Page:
This most recent filing (.pdf) indicated the co-receivers are actively engaged in discussions with the firm formerly known as Peters, Murdaugh, Parker, Eltzroth & Detrick (PMPED) over an outstanding civil claim against Murdaugh regarding damages sustained by the firm tied to its dealings with him. The receivership has a claim pending against the firm with regards to funds owed Murdaugh over cases involving his clients that are presently being settled – or will be settled in the future. Even so, there will not be enough money to satisfy Murdaugh’s debts so it is expected that the co-receivers will propose a resolution of this matter to the court in the days to come.

“Based on information reviewed to date, it is clear the sums the law firm has paid to victims of Mr. Murdaugh exceed any sums the firm may owe Mr. Murdaugh,” the co-receivers stated. 

A few assets remain left to be liquidated – which is expected to happen within the next sixty days. It is anticipated that the sale of a 50 percent stake in various islands, one-sixth interest in a timber property, a war-eagle boat, a scout boat, and various guns will result in a collection of less than $100,000 to the receivership. 

Heirs of the late Murdaugh family housekeeper Gloria Satterfield have a claim against Murdaugh – and a confession of judgment – for $4.3 million, which obviously cannot be resolved through the receivership alone. In May, Murdaugh and his attorneys attempted to undo that confession. This week, though, Bland Richter – the law firm representing the Satterfield family – announced circuit court judge Bentley Price had denied that motion.

“This is a resounding defeat for team Murdaugh once again,” attorneys Eric Bland and Ronnie Richter said in a statement. “They keep trying to victimize the Satterfields time and time again and each time the door gets slammed shut on them. Perhaps team Murdaugh will stop once and for all.”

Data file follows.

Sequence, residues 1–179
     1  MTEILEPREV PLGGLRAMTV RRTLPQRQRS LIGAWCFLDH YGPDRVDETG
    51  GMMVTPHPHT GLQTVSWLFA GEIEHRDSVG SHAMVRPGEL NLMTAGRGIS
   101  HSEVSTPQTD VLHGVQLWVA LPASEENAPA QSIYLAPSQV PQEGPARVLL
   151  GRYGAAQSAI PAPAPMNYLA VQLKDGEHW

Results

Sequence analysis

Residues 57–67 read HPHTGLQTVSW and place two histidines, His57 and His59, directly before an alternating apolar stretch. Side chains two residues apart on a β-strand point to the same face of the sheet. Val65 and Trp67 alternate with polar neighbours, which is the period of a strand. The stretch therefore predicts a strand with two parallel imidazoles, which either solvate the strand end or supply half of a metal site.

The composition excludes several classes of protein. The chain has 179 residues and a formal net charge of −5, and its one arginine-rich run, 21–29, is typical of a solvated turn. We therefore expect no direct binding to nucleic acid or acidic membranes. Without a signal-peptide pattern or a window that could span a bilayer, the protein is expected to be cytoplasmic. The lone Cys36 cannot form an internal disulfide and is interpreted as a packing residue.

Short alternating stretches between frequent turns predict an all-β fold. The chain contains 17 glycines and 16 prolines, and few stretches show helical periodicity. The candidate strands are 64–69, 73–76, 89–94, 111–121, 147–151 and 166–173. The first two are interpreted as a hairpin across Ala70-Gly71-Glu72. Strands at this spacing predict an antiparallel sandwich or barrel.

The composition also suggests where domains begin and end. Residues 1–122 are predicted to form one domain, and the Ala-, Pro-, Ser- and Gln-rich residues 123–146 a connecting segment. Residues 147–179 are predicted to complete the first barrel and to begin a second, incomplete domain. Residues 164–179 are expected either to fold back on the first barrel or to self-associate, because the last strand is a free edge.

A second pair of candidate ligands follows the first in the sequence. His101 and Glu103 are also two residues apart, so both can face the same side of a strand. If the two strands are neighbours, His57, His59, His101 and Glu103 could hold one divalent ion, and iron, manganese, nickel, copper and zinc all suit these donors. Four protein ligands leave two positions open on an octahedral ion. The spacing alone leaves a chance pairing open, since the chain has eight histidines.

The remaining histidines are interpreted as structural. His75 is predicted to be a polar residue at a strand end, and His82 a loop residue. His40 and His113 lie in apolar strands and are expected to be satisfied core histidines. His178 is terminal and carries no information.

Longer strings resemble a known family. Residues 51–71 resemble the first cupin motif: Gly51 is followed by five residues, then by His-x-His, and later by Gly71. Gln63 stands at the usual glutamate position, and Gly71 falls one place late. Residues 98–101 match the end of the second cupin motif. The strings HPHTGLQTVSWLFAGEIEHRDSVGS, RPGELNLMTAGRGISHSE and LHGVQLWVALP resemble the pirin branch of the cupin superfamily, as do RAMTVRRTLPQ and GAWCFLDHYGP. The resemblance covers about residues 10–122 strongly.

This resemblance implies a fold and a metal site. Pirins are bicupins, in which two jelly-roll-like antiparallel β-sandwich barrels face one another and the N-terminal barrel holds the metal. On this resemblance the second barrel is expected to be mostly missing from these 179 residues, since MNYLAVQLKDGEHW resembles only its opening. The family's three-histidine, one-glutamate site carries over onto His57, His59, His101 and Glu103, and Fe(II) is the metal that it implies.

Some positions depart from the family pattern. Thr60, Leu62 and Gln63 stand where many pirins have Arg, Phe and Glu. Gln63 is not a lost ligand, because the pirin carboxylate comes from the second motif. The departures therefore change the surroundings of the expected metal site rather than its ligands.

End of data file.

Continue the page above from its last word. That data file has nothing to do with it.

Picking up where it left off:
Bland Richter has been able to secure settlements of more than $7 million for the Satterfield heirs. However, if left to share a portion of the receivership alone, many of Murdaugh’s other victims are unlikely to see full or fair recovery.  

Readers are invited to decide for themselves who exactly profited from this inequitable attempt at righting the wrongs manufactured by Murdaugh.



(Via: S.C. Fourteenth Circuit)



Callie Lyons (Provided)

Callie Lyons is a journalist, researcher, and author whose investigative work can be found in media outlets, publications, and documentaries all over the world – most recently in the Parisian newspaper Le Monde and a German documentary for ProSieben. Lyons also appears in Citizen Sleuth – a 2023 documentary exploring the genre of true crime.



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1 comment

Kay August 10, 2023 at 8:10 am

Journalist with implying someone (else’s) moral stance are invited to decide for themselves who exactly profits from comparing apples to oranges. Oh, just get off your anti-Eric Bland/Satterfield soap box. So small time.